|Back||1 2 3 4||Next|
It was their ill-fortune, at about the time of dawn and in the last stage of their journey, to have a restive pair of horses. These animals had been greatly terrified in their stable by the tempest; and coming out into the dreary interval between night and morning, when the glare of the lightning was yet unsubdued by day, and the various objects in their view were presented in indistinct and exaggerated shapes which they would not have worn by night, they gradually became less and less capable of control; until, taking a sudden fright at something by the roadside, they dashed off wildly down a steep hill, flung the driver from his saddle, drew the carriage to the brink of a ditch, stumbled headlong down, and threw it crashing over.
The travellers had opened the carriage door, and had either jumped or fallen out. Jonas was the first to stagger to his feet. He felt sick and weak, and very giddy, and reeling to a five-barred gate, stood holding by it; looking drowsily about as the whole landscape swam before his eyes. But, by degrees, he grew more conscious, and presently observed that Montague was lying senseless in the road, within a few feet of the horses.
In an instant, as if his own faint body were suddenly animated by a demon, he ran to the horses' heads; and pulling at their bridles with all his force, set them struggling and plunging with such mad violence as brought their hoofs at every effort nearer to the skull of the prostrate man; and must have led in half a minute to his brains being dashed out on the highway.
As he did this, he fought and contended with them like a man possessed, making them wilder by his cries.
'Whoop!' cried Jonas. 'Whoop! again! another! A little more, a little more! Up, ye devils! Hillo!'
As he heard the driver, who had risen and was hurrying up, crying to him to desist, his violence increased.
'Hiilo! Hillo!' cried Jonas.
'For God's sake!' cried the driver. 'The gentleman--in the road-- he'll be killed!'
The same shouts and the same struggles were his only answer. But the man darting in at the peril of his own life, saved Montague's, by dragging him through the mire and water out of the reach of present harm. That done, he ran to Jonas; and with the aid of his knife they very shortly disengaged the horses from the broken chariot, and got them, cut and bleeding, on their legs again. The postillion and Jonas had now leisure to look at each other, which they had not had yet.
'Presence of mind, presence of mind!' cried Jonas, throwing up his hands wildly. 'What would you have done without me?'
'The other gentleman would have done badly without ME,' returned the man, shaking his head. 'You should have moved him first. I gave him up for dead.'
'Presence of mind, you croaker, presence of mind' cried Jonas with a harsh loud laugh. 'Was he struck, do you think?'
They both turned to look at him. Jonas muttered something to himself, when he saw him sitting up beneath the hedge, looking vacantly around.
'What's the matter?' asked Montague. 'Is anybody hurt?'
'Ecod!' said Jonas, 'it don't seem so. There are no bones broken, after all.'
They raised him, and he tried to walk. He was a good deal shaken, and trembled very much. But with the exception of a few cuts and bruises this was all the damage he had sustained.
'Cuts and bruises, eh?' said Jonas. 'We've all got them. Only cuts and bruises, eh?'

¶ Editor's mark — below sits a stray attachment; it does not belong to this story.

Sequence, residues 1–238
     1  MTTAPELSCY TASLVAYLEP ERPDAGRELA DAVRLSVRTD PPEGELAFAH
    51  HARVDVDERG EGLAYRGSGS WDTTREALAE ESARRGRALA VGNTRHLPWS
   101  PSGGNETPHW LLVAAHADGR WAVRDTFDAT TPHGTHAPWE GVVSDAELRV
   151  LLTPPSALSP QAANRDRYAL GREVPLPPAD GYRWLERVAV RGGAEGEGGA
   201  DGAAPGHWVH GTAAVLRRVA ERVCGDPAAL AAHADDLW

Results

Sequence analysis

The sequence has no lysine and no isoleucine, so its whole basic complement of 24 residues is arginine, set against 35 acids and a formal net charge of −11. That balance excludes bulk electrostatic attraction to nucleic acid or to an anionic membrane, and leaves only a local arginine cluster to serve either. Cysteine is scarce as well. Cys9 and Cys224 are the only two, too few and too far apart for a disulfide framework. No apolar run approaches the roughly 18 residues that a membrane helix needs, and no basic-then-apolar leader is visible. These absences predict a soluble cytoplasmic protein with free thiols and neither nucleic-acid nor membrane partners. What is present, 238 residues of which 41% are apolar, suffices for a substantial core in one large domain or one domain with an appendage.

'I wouldn't have given sixpence for the gentleman's head in half-a- dozen seconds more, for all he's only cut and bruised,' observed the post-boy. 'If ever you're in an accident of this sort again, sir; which I hope you won't be; never you pull at the bridle of a horse that's down, when there's a man's head in the way. That can't be done twice without there being a dead man in the case; it would have ended in that, this time, as sure as ever you were born, if I hadn't come up just when I did.'
Jonas replied by advising him with a curse to hold his tongue, and to go somewhere, whither he was not very likely to go of his own accord. But Montague, who had listened eagerly to every word, himself diverted the subject, by exclaiming: 'Where's the boy?'
'Ecod! I forgot that monkey,' said Jonas. 'What's become of him?' A very brief search settled that question. The unfortunate Mr Bailey had been thrown sheer over the hedge or the five-barred gate; and was lying in the neighbouring field, to all appearance dead.
'When I said to-night, that I wished I had never started on this journey,' cried his master, 'I knew it was an ill-fated one. Look at this boy!'
'Is that all?' growled Jonas. 'If you call THAT a sign of it--'
'Why, what should I call a sign of it?' asked Montague, hurriedly. 'What do you mean?'
'I mean,' said Jonas, stooping down over the body, 'that I never heard you were his father, or had any particular reason to care much about him. Halloa. Hold up there!'
But the boy was past holding up, or being held up, or giving any other sign of life than a faint and fitful beating of the heart. After some discussion the driver mounted the horse which had been least injured, and took the lad in his arms as well as he could; while Montague and Jonas, leading the other horse, and carrying a trunk between them, walked by his side towards Salisbury.
'You'd get there in a few minutes, and be able to send assistance to meet us, if you went forward, post-boy,' said Jonas. 'Trot on!'
'No, no,' cried Montague; 'we'll keep together.'
'Why, what a chicken you are! You are not afraid of being robbed; are you?' said Jonas.
'I am not afraid of anything,' replied the other, whose looks and manner were in flat contradiction to his words. 'But we'll keep together.'
'You were mighty anxious about the boy, a minute ago,' said Jonas. 'I suppose you know that he may die in the meantime?'
'Aye, aye. I know. But we'll keep together.'
|Back||1 2 3 4||Next|
Martin Chuzzlewit -- by Charles Dickens